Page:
Fri, Jan. 24

Jan PAC spends money on Flake

PHOENIX -- Gov. Jan Brewer delivered a nearly $100,000 infusion Wednesday into the campaign of Republican Jeff Flake to become the state's next U.S. senator.

Reports filed with the Federal Elections Commission show Jan PAC spent $99,998.72 printing and sending out a mailer promoting Flake over Democrat Richard Carmona. That comes just a day after the governor poured more than $35,500 into an attack mailer on Democratic congressional candidate Ann Kirkpatrick and another $29,651 to help elect Republican Martha McSally in a different district.

And Brewer spent $23,257 last week in a bid to keep Democrat Kyrsten Sinema from getting elected to yet another congressional slot.

The governor's spending, coming just two weeks before the election, could be crucial.

In the Senate race, polls at various times have shown Carmona, a political newcomer, could be within striking distance of Flake despite the registration edge that Republicans have in Arizona. PAC spokesman Paul Senseman said his boss believes she needed to add her voice -- and her cash -- to ensure there is not a Carmona victory.

"She is very fond of Congressman Flake (and) believes his record and his approach to problem solving is exactly what we need in Washington, D.C.,' Senseman said.

A similar situation exists in all three congressional races where Brewer has chosen to intercede, with Democrats given a good chance of winning one or more of the seats.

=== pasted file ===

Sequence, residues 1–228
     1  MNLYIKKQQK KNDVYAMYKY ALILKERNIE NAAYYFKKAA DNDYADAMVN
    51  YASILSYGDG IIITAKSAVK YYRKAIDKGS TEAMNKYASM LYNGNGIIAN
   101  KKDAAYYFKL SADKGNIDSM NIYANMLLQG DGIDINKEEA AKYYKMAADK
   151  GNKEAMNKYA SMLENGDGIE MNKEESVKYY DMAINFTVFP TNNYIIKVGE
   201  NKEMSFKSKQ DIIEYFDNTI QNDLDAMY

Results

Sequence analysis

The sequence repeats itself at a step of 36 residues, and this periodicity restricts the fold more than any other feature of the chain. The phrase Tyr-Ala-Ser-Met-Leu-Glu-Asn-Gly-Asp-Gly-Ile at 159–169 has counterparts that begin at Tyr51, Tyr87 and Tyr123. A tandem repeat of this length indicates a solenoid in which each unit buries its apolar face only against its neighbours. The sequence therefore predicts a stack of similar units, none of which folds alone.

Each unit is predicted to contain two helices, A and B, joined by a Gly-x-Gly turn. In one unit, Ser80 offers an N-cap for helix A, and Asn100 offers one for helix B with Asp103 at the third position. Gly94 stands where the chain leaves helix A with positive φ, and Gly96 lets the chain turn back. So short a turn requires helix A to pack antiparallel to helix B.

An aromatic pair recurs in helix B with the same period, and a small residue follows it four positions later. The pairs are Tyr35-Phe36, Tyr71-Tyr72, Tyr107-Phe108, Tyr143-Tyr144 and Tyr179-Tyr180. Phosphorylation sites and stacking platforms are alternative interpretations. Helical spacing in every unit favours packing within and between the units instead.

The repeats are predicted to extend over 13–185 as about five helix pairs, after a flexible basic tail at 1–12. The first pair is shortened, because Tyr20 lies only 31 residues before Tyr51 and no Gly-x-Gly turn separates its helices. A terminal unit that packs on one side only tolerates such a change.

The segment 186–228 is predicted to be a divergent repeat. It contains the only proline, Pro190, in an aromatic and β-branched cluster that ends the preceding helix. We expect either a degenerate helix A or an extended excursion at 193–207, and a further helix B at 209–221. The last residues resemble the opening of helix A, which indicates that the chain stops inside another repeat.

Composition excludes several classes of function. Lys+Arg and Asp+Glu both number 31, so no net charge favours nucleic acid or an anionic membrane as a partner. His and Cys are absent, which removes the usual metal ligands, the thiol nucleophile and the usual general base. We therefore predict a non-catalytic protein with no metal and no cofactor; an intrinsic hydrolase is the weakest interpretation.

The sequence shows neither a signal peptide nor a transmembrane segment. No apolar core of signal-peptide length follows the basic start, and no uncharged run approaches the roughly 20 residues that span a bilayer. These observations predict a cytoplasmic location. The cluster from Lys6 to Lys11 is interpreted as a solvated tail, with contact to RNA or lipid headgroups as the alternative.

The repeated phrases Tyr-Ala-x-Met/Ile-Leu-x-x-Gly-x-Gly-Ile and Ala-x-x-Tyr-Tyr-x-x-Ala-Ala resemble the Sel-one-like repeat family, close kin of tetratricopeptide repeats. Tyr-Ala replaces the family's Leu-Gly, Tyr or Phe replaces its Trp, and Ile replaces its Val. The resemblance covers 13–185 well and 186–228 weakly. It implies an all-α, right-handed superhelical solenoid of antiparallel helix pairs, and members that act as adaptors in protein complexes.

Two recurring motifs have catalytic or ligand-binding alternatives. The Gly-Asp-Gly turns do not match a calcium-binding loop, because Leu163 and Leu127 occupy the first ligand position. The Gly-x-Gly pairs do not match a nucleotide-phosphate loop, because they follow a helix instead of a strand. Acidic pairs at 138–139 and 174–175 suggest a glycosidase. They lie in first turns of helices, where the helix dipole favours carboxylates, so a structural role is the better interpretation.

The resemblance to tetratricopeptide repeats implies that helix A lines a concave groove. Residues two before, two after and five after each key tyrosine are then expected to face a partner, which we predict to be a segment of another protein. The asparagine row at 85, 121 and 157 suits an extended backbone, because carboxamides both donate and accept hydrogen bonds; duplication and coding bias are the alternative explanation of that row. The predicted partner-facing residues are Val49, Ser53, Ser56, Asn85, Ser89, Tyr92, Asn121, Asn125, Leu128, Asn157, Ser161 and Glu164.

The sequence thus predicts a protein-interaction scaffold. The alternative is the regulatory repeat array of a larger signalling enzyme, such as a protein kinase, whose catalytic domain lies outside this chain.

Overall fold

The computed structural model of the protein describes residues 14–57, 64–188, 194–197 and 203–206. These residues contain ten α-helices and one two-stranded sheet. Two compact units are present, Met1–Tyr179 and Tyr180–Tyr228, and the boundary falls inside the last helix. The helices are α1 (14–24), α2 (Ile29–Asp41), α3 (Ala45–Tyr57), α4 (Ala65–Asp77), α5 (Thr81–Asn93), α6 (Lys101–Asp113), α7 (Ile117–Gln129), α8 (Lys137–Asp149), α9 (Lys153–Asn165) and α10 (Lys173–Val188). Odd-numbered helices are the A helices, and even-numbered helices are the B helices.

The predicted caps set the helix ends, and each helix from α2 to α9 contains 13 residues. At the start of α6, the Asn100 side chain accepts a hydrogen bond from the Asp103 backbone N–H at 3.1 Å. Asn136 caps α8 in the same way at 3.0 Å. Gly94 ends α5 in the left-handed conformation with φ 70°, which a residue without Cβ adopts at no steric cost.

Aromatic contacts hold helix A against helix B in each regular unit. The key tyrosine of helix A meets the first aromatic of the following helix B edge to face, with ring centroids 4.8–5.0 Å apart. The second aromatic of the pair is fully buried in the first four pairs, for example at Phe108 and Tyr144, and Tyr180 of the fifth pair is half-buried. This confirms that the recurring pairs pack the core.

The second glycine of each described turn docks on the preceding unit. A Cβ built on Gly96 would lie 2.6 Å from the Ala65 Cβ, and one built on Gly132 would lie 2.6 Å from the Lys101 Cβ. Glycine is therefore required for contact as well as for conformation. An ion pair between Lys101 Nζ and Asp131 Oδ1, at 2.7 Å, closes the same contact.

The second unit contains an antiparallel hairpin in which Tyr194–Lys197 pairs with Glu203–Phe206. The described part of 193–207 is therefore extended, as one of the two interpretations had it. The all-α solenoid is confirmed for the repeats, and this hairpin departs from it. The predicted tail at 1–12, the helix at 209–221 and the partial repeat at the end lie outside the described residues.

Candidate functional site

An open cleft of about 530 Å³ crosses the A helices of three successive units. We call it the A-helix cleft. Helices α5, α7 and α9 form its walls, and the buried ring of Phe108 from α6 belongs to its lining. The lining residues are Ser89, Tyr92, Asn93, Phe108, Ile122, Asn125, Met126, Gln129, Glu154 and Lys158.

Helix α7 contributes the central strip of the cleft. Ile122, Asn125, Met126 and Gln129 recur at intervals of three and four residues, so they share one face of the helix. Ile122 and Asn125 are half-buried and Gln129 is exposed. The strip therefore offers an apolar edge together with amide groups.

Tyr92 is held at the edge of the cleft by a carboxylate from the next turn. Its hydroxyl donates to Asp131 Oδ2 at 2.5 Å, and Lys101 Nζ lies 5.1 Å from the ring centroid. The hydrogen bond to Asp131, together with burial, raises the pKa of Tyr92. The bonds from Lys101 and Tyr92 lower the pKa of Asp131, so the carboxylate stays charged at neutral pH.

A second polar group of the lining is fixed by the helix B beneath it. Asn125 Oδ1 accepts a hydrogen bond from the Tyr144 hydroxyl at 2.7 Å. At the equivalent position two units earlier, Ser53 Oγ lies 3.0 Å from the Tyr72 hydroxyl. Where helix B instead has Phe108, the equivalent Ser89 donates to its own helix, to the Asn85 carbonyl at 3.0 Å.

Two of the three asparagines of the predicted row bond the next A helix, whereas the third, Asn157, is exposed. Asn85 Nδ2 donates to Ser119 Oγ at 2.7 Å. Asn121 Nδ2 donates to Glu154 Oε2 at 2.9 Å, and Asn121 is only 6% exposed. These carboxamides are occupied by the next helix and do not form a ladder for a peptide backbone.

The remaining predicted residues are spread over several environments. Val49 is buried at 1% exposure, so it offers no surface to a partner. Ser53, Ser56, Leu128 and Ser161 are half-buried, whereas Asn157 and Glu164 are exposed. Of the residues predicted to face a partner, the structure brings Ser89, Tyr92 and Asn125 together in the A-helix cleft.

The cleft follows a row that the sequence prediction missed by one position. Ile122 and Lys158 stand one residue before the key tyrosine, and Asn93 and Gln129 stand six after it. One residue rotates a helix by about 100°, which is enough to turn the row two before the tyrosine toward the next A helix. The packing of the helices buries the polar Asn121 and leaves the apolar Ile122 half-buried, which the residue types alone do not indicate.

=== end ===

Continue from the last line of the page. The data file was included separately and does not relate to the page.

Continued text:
But the pro-Flake mailer is in sharp contrast to the one Brewer's PAC financed in CD 1, where Kirkpatrick is facing off against Republican Jonathan Paton. In that race, Brewer chose to spend her money not in praising Paton but instead in going after the Democrat.

"The governor felt strongly about some of the congresswoman's voting record and shared that directly in the mailer,' Senseman said.

That mailer specifically focused on border and immigration issues, saying that as a state legislator she opposed making it a crime to smuggle illegal immigrants into Arizona, opposed proof of citizenship to receive public benefits and sponsored a tax credit for the costs of applying for citizenship.

By contrast, the governor chose not to attack Democrat Ron Barber who was chosen in a special election earlier this year to replace Gabrielle Giffords. She chose to quit to focus on the recovery from the January 2011 shooting; Barber had been her chief of staff.

Instead, Brewer focused on why voters should select McSally.

"There's a variety of reasons that go into the decision making process of determining what's the best method to apply,' Senseman said. "But tactically speaking, the governor wanted to share some of the details of the attributes of that particular candidate and why McSally would make an outstanding member of Congress.'

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